Long noncoding RNAs (lncRNAs) cause Polycomb repressive complexes (PRCs) to spread over broad regions of the mammalian genome. We report that in mouse trophoblast stem cells, the Airn and Kcnq1ot1 lncRNAs induce PRC-dependent chromatin modifications over multi-megabase domains. Throughout the Airn-targeted domain, the extent of PRC-dependent modification correlated with intra-nuclear distance to the Airn locus, preexisting genome architecture, and the abundance of Airn itself. Specific CpG islands (CGIs) displayed characteristics indicating that they nucleate the spread of PRCs upon exposure to Airn. Chromatin environments surrounding Xist, Airn, and Kcnq1ot1 suggest common mechanisms of PRC engagement and spreading. Our data indicate that lncRNA potency can be tightly linked to lncRNA abundance and that within lncRNA-targeted domains, PRCs are recruited to CGIs via lncRNA-independent mechanisms. We propose that CGIs that autonomously recruit PRCs interact with lncRNAs and their associated proteins through three-dimensional space to nucleate the spread of PRCs in lncRNA-targeted domains.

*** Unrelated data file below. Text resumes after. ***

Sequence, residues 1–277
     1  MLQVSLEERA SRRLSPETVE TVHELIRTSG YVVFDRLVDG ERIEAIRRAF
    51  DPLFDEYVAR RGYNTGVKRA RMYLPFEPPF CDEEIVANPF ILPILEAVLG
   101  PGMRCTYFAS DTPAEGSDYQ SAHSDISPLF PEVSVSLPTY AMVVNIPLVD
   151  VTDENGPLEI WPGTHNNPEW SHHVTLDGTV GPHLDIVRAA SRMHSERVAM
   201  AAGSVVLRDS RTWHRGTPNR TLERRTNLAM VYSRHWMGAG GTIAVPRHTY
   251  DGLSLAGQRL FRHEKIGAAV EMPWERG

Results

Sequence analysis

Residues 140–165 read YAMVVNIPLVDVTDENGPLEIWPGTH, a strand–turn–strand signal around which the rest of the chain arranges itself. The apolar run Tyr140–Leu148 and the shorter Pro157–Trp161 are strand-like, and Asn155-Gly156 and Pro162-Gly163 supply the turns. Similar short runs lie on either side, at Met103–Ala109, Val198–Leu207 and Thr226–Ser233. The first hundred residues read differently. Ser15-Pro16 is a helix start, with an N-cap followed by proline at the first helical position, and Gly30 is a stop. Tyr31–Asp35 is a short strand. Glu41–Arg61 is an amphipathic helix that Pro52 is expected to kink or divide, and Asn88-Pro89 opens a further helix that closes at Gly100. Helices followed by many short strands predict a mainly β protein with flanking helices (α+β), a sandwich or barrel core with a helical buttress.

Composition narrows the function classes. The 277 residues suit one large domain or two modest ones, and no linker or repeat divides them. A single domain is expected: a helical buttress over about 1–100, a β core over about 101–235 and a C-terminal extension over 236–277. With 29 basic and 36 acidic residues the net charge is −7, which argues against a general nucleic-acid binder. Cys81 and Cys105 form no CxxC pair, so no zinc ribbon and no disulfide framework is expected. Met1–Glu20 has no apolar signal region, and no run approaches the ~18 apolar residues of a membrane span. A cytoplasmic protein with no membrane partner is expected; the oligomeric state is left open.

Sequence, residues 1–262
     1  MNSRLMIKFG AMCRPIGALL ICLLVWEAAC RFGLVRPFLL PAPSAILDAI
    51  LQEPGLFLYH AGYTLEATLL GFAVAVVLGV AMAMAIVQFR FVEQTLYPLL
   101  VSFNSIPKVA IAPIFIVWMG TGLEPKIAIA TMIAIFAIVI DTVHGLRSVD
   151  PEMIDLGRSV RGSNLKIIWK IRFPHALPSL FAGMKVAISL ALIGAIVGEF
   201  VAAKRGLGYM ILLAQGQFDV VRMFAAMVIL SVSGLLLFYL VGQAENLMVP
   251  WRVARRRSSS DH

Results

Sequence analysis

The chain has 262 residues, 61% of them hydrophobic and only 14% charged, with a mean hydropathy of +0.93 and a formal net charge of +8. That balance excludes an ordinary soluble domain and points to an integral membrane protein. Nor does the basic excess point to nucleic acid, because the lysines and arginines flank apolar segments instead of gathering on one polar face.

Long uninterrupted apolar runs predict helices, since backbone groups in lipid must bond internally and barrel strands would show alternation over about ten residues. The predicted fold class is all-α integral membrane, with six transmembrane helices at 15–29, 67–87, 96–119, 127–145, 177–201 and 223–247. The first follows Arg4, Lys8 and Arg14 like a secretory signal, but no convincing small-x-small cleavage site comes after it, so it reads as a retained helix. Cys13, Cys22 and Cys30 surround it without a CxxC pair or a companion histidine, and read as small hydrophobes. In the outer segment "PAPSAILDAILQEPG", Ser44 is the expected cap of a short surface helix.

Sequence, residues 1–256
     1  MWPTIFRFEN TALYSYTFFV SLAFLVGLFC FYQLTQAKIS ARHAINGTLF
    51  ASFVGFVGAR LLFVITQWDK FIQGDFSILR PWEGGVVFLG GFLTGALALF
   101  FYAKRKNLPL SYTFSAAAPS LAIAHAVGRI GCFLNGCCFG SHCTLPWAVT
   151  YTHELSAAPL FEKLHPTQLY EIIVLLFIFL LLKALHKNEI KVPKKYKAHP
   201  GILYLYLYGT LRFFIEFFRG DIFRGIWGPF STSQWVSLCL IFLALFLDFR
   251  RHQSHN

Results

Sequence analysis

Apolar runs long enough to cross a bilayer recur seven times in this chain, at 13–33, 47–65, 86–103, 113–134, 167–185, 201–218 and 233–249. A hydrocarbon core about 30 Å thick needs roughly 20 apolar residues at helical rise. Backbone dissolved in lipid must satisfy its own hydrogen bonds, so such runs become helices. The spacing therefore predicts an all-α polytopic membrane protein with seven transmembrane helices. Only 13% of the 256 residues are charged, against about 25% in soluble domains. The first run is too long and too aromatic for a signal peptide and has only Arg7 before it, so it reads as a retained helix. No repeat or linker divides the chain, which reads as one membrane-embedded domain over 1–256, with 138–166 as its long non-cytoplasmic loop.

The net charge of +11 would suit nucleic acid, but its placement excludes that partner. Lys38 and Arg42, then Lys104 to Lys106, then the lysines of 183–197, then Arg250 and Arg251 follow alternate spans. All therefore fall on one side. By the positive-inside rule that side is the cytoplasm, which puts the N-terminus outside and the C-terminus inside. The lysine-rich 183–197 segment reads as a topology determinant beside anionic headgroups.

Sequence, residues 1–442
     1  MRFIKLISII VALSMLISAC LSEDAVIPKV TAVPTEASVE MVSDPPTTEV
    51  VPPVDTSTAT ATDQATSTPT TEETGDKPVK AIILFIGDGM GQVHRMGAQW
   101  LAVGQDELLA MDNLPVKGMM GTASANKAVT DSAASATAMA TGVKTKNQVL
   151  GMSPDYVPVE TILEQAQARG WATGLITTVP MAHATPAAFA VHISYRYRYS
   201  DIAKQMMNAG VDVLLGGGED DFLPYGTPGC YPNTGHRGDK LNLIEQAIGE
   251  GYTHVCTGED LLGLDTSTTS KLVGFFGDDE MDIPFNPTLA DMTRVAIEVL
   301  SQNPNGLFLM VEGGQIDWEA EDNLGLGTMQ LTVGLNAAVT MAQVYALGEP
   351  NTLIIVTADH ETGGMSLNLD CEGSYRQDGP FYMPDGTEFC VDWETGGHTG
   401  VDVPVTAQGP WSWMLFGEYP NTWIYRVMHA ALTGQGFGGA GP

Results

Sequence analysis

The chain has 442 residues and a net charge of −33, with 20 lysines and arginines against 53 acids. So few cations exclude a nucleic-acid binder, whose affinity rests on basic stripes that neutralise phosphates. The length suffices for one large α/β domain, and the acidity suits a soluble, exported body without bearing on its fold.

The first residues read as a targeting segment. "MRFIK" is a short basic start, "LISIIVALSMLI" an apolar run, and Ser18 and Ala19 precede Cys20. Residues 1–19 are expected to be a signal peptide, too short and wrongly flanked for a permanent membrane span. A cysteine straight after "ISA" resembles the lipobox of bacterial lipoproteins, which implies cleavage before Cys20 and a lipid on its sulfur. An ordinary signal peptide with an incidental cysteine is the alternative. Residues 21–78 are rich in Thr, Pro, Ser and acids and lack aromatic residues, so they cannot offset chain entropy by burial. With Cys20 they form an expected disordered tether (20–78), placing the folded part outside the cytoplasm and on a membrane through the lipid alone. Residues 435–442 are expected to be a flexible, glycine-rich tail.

Keywords: Airn; CpG island; Kcnq1ot1; PRC; X-chromosome inactivation; Xist; imprinting; lncRNA; long noncoding RNA; polycomb repressive complex.
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